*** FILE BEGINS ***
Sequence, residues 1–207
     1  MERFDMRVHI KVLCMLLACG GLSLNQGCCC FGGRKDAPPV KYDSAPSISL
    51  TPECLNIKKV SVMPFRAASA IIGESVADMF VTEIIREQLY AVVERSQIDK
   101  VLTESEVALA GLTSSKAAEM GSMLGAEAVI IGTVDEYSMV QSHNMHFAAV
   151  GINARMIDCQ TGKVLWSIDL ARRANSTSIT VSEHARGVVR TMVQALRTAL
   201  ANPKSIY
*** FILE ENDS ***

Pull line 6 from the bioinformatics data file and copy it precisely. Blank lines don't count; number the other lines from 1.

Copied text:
   201  ANPKSIY